“God exists and doesn’t have franchises,” Solalinde declared. “It’s a god of life.” The outspoken Mexican priest sketched recent changes that have overtaken the migrant route in southern Mexico. At the behest of the U.S., stricter Mexican government controls have created logjams and packed his and other migrant shelters with people who now cannot so easily jump aboard the train known as “The Beast” that once transported them north.

Central to the new policy is the Mexican government’s Southern Border Plan and its checkpoints and security patrols that branch out in a “security arc” from the southern border to the Gulf Coast, forming a vise that forces migrants into more dangerous routes controlled by organized criminal gangs, Solalinde said. Though the passage is much more difficult than before the migrants- especially Hondurans- keep coming, the internationally-known human rights activist reported.

“Honduras is not even a failed state,” Solalinde insisted. “It is a non-existent state.”

On a related note, the Washington Office of Latin America recently cited official Mexican government statistics in reporting that deportations of migrants from Mexico, mainly Central Americans, increased from 80,079 in 2013 to 107,814 in 2014. For migrant children, the number of deportees soared from 8,350 in 2013 to 18,169 last year.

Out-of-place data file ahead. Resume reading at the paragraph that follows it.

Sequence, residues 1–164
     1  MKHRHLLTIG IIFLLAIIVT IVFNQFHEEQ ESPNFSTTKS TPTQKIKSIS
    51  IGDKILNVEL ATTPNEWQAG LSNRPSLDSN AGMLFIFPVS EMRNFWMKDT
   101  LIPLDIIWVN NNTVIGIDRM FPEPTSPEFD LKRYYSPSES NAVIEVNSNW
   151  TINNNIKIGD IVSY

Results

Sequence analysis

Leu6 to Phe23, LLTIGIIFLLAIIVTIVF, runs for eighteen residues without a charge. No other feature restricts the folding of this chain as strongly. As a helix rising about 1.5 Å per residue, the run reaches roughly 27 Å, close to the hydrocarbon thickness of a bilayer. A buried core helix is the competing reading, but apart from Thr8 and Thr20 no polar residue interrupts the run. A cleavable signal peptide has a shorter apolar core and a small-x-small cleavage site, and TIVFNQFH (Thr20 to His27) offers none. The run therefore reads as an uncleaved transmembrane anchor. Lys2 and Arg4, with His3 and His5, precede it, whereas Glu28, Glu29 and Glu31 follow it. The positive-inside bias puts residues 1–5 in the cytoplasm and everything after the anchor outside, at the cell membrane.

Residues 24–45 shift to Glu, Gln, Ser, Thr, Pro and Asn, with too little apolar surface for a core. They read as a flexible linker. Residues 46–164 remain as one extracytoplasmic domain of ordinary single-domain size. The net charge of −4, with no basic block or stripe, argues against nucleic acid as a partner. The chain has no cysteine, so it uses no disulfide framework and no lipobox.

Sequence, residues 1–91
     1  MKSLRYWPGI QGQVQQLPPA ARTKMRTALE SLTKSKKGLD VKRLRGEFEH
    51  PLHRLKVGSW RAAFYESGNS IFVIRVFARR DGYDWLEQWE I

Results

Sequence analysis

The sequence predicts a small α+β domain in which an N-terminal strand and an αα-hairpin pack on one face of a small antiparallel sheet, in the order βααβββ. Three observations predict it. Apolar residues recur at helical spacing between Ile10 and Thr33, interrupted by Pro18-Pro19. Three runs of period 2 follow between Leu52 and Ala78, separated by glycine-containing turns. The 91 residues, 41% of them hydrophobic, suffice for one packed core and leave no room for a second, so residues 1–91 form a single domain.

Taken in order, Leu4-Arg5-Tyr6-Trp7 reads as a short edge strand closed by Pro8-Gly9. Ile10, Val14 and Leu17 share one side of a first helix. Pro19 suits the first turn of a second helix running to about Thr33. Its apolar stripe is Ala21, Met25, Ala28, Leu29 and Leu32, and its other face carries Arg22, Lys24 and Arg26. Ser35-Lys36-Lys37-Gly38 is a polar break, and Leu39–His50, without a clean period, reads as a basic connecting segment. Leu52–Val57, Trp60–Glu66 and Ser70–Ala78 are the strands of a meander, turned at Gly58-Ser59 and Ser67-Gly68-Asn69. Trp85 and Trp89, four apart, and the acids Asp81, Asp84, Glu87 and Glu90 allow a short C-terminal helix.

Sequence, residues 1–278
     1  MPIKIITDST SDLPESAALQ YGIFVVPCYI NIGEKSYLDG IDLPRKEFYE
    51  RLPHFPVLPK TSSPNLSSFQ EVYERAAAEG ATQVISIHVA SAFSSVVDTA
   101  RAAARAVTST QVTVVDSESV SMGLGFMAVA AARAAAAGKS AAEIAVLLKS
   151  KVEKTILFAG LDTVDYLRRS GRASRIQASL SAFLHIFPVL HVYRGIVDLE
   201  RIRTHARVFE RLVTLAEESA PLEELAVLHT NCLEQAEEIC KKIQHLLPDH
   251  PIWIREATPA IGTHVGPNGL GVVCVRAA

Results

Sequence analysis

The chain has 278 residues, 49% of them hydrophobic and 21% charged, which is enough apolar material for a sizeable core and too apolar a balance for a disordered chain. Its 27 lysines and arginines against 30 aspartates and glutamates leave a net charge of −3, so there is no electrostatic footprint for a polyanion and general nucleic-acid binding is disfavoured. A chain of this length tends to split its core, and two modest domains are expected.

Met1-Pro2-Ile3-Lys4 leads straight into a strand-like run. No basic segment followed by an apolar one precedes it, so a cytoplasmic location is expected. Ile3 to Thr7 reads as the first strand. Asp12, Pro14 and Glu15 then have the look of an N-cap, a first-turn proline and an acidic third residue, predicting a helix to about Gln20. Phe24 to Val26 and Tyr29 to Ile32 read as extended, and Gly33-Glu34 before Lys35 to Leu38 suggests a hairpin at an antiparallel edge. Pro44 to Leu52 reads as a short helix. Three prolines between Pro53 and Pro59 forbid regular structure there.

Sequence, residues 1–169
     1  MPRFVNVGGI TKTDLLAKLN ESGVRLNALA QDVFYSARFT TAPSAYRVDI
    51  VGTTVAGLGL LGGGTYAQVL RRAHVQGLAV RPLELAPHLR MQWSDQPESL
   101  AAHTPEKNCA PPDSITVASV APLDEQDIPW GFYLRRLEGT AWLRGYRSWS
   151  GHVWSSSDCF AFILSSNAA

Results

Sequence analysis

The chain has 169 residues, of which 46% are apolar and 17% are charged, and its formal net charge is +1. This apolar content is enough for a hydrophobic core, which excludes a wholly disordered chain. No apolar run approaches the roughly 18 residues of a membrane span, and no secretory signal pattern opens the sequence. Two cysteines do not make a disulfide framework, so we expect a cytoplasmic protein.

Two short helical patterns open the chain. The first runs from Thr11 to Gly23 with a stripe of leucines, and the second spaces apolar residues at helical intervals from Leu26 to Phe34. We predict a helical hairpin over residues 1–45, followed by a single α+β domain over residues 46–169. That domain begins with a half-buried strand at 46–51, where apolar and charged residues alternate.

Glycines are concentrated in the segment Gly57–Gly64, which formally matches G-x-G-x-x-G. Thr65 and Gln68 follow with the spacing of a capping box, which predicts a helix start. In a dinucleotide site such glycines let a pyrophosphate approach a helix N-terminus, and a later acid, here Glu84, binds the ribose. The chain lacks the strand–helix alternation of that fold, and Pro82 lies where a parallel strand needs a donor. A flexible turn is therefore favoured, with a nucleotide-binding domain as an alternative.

The NMSU symposium garnered praise for its simultaneous translation of English and Spanish in all the sessions, as well as the interspersing of film, poetry and photography with the presentations.  Laurie Ann Guerrero, poet laureate of San Antonio, Texas, enraptured an audience with her jolting verses about domestic violence, death and victimized children. The award-winning poet told a personal migration story of sorts, recounting her experience as a college student in Massachusetts while raising three children and toiling as a domestic worker to pay the bills.

Mexican photographer Karla Hernandez has worked for human rights organizations like Amnesty International and the Tlachinollan Human Rights Center of the Mountain in the southern state of Guerrero.  Hernandez’s eye enlivened the symposium with her striking photo exhibition of life in the indigenous municipality of Cochoapa El Grande, Guerrero, where many people leave to work as farm laborers in the tomato harvest of the Sinaloa agro-maquila industry in northern Mexico.

“All this product is for the United States and Europe,” Hernandez told FNS. “Free trade has a lot to do with this.” Previously, the migration from Cochoapa El Grande was a male one, according to Hernandez. “Now the whole family goes, including the children,” she said.